Nvidia announced Sunday that it intends to buy the Cambridge-headquartered chip designer off Japan’s SoftBank for $40 billion, saying it would create the “world’s premier computing company.”
However, speaking to BBC Radio 4 on Monday, Hauser said: “I think it’s an absolute disaster for Cambridge, the U.K., and Europe.”
Arm is widely regarded as the jewel in the crown of the British tech industry. Its chips power most of the world’s smartphones, as well as many other devices.
Despite some opposition, the company was acquired by SoftBank in 2016 for £19 billion ($24 billion) on the condition that it remained in the British city of Cambridge.
Hauser said thousands of Arm employees would lose their jobs in Cambridge, Manchester, Belfast, and Warwick if Nvidia “inevitably” decided to move Arm’s headquarters to the U.S. and make the company a division of Nvidia.
Nvidia would “destroy” Arm’s business model, which involves licensing chip designs to around 500 other companies including several that compete directly with Nvidia, Hauser said, adding that the new deal will create a monopoly.
Nvidia was not immediately available for comment when contacted by CNBC Monday. However, this weekend it said that Arm could remain headquartered in Cambridge under the deal. It added that it will create more jobs in the country and will build a new Nvidia-powered AI supercomputer.
Hauser said the commitments were meaningless unless they’re legally enforceable.
SoftBank Chief Executive Masayoshi Son said in a statement that “Nvidia is the perfect partner for Arm.”
While Simon Segars, Arm’s chief executive, said in a statement: “Arm and Nvidia share a vision and passion that ubiquitous, energy-efficient computing will help address the world’s most pressing issues from climate change to healthcare, from agriculture to education.”
He added: “By bringing together the technical strengths of our two companies we can accelerate our progress and create new solutions that will enable a global ecosystem of innovators.”
However, according to Hauser, the most important and concerning issue is one of economic sovereignty.
“If Arm becomes a U.S. company, it falls under the CFI (Committee on Foreign Investment in the United States) regulations,” he said. “If hundreds of U.K. companies that incorporate Arm’s (chips) in their products want to sell it or export it to anywhere in the world, including China, which is a major market, this decision on whether they’re allowed to export it will be made in the White House and not in Downing Street,” he said. “I think this is terrible.”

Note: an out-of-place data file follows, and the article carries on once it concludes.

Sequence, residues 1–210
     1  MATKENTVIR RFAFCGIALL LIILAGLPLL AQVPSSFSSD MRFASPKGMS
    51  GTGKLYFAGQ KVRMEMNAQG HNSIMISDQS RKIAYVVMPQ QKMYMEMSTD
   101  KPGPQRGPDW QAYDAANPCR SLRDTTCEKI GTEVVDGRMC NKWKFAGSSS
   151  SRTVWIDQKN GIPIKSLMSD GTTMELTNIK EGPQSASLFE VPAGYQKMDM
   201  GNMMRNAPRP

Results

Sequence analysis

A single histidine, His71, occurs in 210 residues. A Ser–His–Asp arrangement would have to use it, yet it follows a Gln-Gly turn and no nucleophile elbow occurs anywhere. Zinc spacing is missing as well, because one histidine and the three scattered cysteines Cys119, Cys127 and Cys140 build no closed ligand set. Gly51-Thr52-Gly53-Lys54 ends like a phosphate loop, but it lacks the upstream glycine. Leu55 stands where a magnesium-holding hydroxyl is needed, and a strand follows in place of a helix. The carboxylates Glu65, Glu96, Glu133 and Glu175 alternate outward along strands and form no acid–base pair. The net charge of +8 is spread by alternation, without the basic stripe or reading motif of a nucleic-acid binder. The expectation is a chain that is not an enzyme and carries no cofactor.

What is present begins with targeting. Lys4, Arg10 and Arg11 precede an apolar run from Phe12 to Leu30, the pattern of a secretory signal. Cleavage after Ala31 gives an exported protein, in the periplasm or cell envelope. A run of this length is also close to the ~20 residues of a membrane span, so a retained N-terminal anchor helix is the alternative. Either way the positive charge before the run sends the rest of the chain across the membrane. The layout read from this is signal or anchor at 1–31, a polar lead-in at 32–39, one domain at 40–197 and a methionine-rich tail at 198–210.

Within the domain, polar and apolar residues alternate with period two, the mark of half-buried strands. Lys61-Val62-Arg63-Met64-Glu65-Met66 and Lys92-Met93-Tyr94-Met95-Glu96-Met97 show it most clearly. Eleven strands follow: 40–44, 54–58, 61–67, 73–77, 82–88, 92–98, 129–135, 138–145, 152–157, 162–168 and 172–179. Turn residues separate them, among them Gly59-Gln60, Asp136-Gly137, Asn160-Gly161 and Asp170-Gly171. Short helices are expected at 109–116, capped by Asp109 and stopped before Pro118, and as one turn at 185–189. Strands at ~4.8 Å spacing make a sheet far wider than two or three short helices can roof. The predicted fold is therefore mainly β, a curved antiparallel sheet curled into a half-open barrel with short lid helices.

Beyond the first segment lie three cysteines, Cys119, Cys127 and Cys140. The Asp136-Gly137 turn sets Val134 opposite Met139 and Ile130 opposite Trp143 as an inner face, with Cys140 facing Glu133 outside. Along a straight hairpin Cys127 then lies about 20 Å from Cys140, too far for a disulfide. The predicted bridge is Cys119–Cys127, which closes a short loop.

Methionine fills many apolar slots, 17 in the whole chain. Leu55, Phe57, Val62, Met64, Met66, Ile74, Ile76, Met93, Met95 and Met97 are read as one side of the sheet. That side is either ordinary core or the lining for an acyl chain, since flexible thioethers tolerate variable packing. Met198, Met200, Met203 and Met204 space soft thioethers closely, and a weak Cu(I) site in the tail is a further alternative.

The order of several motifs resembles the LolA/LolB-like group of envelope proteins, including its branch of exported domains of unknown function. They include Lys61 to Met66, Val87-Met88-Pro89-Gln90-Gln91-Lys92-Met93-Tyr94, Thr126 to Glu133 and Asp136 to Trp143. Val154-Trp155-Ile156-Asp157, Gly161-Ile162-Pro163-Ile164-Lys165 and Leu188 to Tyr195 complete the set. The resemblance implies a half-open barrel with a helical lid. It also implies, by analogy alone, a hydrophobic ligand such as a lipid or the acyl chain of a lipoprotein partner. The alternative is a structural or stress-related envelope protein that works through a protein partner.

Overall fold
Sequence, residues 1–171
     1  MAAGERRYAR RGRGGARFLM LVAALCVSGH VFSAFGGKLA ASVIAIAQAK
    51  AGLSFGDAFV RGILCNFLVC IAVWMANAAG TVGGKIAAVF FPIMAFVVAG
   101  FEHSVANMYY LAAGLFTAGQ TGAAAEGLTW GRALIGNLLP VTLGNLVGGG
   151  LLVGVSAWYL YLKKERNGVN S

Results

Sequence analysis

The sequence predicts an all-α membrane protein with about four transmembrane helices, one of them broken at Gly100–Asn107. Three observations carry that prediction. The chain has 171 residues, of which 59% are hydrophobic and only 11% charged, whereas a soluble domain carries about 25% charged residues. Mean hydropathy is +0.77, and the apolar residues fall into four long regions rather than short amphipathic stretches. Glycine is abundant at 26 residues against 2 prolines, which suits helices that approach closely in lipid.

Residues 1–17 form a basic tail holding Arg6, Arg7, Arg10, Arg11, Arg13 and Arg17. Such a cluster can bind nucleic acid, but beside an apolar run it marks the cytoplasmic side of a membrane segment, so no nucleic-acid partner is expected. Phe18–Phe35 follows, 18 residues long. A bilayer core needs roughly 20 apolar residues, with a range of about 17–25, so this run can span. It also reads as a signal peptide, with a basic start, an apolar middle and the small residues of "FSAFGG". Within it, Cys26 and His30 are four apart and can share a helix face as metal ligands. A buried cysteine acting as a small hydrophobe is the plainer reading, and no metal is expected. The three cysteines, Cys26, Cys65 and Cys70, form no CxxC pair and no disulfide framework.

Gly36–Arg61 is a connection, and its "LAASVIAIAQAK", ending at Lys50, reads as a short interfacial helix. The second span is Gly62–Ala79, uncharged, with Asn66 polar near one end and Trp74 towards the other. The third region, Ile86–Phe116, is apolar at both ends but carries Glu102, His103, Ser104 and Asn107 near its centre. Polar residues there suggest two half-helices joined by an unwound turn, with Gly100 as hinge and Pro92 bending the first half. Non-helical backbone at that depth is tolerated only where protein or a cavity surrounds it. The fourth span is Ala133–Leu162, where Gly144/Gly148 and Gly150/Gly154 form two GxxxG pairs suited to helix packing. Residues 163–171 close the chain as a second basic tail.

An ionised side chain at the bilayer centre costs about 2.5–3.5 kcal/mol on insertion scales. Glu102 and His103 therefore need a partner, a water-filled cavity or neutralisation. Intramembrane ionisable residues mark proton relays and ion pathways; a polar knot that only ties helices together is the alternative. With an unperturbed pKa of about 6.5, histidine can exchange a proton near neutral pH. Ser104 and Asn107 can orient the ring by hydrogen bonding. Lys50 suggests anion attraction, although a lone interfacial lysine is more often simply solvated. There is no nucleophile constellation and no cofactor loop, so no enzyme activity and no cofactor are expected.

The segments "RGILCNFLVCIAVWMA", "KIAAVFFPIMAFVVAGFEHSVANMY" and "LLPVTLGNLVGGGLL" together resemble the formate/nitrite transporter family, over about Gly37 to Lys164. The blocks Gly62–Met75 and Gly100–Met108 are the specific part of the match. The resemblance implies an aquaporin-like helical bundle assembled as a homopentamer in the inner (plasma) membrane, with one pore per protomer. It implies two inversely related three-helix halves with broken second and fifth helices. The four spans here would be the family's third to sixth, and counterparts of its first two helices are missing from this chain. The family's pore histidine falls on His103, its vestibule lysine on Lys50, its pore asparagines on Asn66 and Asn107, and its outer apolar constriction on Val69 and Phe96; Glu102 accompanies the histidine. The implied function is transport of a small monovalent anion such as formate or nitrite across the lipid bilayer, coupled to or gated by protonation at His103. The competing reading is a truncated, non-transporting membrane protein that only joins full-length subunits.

He urged the U.K. government to step in, block the deal, and help to take Arm public on the London Stock Exchange, which is what SoftBank initially planned to do.
At the time, a government spokesperson said that Downing Street monitors proposed acquisitions closely. “Where we feel a takeover may represent a threat to the U.K., the government will not hesitate to investigate the matter further, which could lead to conditions on the deal,” they said.
The U.K. has been on a mission to build an Apple-sized company of its own for years, but has had little success as many of its most promising tech companies have been sold to companies in the U.S. and China. One of the most notable examples in recent years is London AI lab DeepMind, which was acquired by Google in 2016 for around $600 million. Today, DeepMind is widely regarded as one of the world leaders in AI research.
Neil Lawrence, Amazon’s former director of machine learning in Cambridge, told CNBC: “Arm is the only large U.K. tech company that is an undisputed world leader. The majority of the world’s computer chips are made to their designs.”
“Nvidia’s original business was graphics, but their chips also happened to have the right architecture for the current generation of AI algorithms. They’ve capitalized well on that. But with so much U.K. focus on how we make ourselves a world leading economy after our departure from the European Union, it would be surprising if the deal is waved through without any form of review,” he added.